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Heat exhaustion in a deep underground metalliferous mine
  1. A Michael Donoghuea,
  2. Murray J Sinclaira,
  3. Graham P Batesb
  1. aThe Medical Centre, Mount Isa Mines, Mount Isa, Queensland 4825, Australia, bSchool of Public Health, Curtin University, Perth, Western Australia 6845, Australia
  1. Dr A Michael Donoghue, Senior Research Fellow, Minerals Industry Safety and Health Centre, Frank White Annexe, University of Queensland, Brisbane, Queensland 4072, Australia


OBJECTIVES To examine the incidence, clinical state, personal risk factors, haematology, and biochemistry of heat exhaustion occurring at a deep underground metalliferous mine. To describe the underground thermal conditions associated with the occurrence of heat exhaustion.

METHODS A 1 year prospective case series of acute heat exhaustion was undertaken. A history was obtained with a structured questionnaire. Pulse rate, blood pressure, tympanic temperature, and specific gravity of urine were measured before treatment. Venous blood was analysed for haematological and biochemical variables, during the acute presentation and after recovery. Body mass index (BMI) and maximum O2consumption (V˙o 2 max) were measured after recovery. Psychrometric wet bulb temperature, dry bulb temperature, and air velocity were measured at the underground sites where heat exhaustion had occurred. Air cooling power and psychrometric wet bulb globe temperature were derived from these data.

RESULTS 106 Cases were studied. The incidence of heat exhaustion during the year was 43.0 cases / million man-hours. In February it was 147 cases / million man-hours. The incidence rate ratio for mines operating below 1200 m compared with those operating above 1200 m was 3.17. Mean estimated fluid intake was 0.64 l/h (SD 0.29, range 0.08–1.50). The following data were increased in acute presentation compared with recovery (p value, % of acute cases above the normal clinical range): neutrophils (p<0.001, 36%), anion gap (p<0.001, 63%), urea (p<0.001, 21%), creatinine (p<0.001, 30%), glucose (p<0.001, 15%), serum osmolality (p=0.030, 71%), creatine kinase (p=0.002, 45%), aspartate transaminase (p<0.001, 14%), lactate dehydrogenase (p<0.001, 9.5%), and ferritin (p<0.001, 26%). The following data were depressed in acute presentation compared with recovery (p value, % of acute cases below the normal clinical range): eosinophils (p=0.003, 38%) and bicarbonate (p=0.011, 32%). Urea and creatinine were significantly increased in miners with heat cramps compared with miners without this symptom (p<0.001), but there was no significant difference in sodium concentration (p=0.384). Mean psychrometric wet bulb temperature was 29.0°C (SD 2.2, range 21.0–34.0). Mean dry bulb temperature was 37.4°C (SD 2.4, range 31.0–43.0). Mean air velocity was 0.54 m/s (SD 0.57, range 0.00–4.00). Mean air cooling power was 148 W/m2 (SD 49, range 33–290) Mean psychrometric wet bulb globe temperature was 31.5°C (SD 2.0, range 25.2–35.3). Few cases (<5%) occurred at psychrometric wet bulb temperature <25.0°C, dry bulb temperature <33.8°C, air velocity >1.56 m/s, air cooling power >248 W/m2, or psychrometric wet bulb globe temperature <28.5°C.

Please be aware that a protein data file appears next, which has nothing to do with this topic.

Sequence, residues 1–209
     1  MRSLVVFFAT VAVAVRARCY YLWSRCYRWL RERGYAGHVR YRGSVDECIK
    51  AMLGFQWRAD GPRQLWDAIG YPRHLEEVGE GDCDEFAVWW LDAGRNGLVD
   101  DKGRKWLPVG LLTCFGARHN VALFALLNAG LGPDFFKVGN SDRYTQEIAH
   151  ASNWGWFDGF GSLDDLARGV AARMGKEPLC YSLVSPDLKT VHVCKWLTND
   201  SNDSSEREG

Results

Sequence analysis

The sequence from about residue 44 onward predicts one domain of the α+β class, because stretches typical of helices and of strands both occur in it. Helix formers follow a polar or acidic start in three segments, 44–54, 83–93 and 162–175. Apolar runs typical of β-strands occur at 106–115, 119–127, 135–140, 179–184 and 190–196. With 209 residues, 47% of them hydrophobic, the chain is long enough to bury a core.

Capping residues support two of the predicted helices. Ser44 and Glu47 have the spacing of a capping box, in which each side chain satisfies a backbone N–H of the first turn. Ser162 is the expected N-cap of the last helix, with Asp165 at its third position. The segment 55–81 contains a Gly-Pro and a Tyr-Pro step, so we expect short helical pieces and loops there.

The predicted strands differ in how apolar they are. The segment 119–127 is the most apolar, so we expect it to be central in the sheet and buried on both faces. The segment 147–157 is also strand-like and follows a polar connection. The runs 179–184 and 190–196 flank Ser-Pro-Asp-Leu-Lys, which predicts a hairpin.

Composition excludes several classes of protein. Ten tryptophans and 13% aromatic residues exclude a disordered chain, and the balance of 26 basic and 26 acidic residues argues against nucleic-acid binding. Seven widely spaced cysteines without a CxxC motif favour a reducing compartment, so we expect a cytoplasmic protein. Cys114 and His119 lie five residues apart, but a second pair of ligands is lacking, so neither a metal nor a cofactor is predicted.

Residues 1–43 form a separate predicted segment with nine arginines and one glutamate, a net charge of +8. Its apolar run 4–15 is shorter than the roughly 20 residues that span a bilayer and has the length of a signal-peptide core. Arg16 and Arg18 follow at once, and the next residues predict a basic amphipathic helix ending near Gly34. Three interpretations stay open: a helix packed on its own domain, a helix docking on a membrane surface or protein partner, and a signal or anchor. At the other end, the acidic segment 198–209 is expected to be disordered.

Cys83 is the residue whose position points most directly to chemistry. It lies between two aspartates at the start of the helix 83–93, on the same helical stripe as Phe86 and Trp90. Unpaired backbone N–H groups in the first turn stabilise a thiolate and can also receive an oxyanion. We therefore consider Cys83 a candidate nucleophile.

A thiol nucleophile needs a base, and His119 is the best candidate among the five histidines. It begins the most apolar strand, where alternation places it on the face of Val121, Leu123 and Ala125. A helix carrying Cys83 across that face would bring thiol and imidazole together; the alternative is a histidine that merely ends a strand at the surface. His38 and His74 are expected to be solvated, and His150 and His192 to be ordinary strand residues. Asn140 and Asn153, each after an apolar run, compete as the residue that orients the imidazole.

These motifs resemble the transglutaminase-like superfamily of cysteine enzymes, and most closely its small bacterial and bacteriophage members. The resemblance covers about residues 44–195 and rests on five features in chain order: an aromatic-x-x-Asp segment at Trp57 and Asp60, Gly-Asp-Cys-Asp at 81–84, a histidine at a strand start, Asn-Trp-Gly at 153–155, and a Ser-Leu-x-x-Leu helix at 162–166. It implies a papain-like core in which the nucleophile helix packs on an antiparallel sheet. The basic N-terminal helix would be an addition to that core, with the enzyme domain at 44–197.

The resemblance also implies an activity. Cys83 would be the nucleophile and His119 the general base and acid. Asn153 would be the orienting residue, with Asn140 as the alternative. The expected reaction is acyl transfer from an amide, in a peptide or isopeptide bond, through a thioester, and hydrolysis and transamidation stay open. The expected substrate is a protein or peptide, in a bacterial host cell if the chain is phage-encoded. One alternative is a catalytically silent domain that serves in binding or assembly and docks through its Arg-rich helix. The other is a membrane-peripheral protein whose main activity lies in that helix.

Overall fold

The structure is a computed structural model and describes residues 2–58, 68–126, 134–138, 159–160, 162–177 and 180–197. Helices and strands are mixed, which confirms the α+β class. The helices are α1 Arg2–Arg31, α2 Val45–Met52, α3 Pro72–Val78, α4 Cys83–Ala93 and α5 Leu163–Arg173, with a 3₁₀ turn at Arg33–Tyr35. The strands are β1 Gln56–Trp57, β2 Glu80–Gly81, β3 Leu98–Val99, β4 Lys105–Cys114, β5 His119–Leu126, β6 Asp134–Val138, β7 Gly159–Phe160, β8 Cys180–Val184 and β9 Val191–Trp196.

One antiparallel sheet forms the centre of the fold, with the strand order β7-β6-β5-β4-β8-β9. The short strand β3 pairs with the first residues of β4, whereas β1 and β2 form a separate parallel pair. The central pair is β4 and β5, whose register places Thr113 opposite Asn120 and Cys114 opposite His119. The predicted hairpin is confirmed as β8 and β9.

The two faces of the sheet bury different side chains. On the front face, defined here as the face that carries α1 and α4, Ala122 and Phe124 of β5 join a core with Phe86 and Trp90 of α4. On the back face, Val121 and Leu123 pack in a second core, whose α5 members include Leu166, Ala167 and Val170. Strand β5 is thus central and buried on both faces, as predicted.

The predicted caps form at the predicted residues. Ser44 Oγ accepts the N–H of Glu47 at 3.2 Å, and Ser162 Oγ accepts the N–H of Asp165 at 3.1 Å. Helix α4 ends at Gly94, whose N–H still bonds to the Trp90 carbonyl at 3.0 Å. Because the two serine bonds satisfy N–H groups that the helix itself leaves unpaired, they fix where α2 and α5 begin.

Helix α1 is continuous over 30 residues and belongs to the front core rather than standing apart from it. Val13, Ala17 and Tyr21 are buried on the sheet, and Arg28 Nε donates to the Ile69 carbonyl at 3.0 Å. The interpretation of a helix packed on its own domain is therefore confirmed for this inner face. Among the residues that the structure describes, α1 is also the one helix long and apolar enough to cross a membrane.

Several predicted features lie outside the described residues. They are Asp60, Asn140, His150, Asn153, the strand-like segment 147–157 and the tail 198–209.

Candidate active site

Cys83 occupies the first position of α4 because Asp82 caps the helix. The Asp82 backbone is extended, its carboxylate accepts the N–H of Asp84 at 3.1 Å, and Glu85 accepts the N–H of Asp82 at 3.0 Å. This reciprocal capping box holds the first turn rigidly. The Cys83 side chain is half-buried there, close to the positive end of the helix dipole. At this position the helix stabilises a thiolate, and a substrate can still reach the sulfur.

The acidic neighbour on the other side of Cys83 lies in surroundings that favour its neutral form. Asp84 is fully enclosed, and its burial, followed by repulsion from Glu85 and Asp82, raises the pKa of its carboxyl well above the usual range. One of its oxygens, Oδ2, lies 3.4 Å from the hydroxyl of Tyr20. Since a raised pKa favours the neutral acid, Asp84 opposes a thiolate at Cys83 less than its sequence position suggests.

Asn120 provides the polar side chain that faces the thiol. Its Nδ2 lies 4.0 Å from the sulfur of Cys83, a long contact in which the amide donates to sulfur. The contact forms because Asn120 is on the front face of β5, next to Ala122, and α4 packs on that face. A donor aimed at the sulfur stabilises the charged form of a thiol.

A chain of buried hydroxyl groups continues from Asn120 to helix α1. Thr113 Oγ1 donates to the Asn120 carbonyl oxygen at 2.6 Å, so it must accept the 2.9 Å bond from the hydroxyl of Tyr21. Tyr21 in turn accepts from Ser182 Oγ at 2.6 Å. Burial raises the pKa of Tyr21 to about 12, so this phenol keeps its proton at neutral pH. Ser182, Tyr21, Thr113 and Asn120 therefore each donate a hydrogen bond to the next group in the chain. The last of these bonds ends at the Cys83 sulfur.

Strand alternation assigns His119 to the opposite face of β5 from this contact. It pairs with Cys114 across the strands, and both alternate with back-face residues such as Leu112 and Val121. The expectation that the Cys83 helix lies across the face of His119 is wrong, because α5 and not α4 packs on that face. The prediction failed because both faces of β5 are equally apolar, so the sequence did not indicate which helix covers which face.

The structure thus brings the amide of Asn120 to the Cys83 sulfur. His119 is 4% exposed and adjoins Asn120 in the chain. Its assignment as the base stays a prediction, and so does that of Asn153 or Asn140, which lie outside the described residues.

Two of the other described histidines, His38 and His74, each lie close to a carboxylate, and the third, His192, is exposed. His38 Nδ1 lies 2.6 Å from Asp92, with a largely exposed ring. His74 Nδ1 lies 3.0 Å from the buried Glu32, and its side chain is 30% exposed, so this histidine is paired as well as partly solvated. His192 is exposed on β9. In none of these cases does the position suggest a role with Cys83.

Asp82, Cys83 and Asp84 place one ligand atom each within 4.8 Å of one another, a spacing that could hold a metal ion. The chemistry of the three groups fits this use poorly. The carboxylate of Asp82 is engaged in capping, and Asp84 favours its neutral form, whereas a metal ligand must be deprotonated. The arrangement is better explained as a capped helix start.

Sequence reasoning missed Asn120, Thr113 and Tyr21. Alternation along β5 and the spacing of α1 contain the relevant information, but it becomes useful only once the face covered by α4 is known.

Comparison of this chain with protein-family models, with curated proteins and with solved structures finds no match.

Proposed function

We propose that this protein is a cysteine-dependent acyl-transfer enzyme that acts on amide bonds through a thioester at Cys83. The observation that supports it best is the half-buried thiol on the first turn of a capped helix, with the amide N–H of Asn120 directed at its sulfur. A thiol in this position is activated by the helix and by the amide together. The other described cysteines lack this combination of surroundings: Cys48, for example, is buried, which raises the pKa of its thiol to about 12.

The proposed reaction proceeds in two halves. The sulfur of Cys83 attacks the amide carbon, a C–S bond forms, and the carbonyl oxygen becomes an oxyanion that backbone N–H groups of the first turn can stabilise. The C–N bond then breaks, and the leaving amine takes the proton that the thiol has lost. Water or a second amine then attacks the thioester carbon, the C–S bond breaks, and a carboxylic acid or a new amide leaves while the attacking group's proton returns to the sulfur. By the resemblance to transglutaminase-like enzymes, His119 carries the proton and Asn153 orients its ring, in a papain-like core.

CONCLUSION Heat exhaustion in underground miners is associated with dehydration, neutrophil leukocytosis, eosinopenia, metabolic acidosis, increased glucose and ferritin, and a mild rise in creatine kinase, aspartate transaminase, and lactate dehydrogenase. Heat cramps are associated with dehydration but not hyponatraemia. The incidence of heat exhaustion increases during summer and at depth. An increased fluid intake is required. Heat exhaustion would be unlikely to occur if ventilation and refrigeration achieved air cooling power >250 W/m2 at all underground work sites.

  • heat
  • mining
  • ventilation

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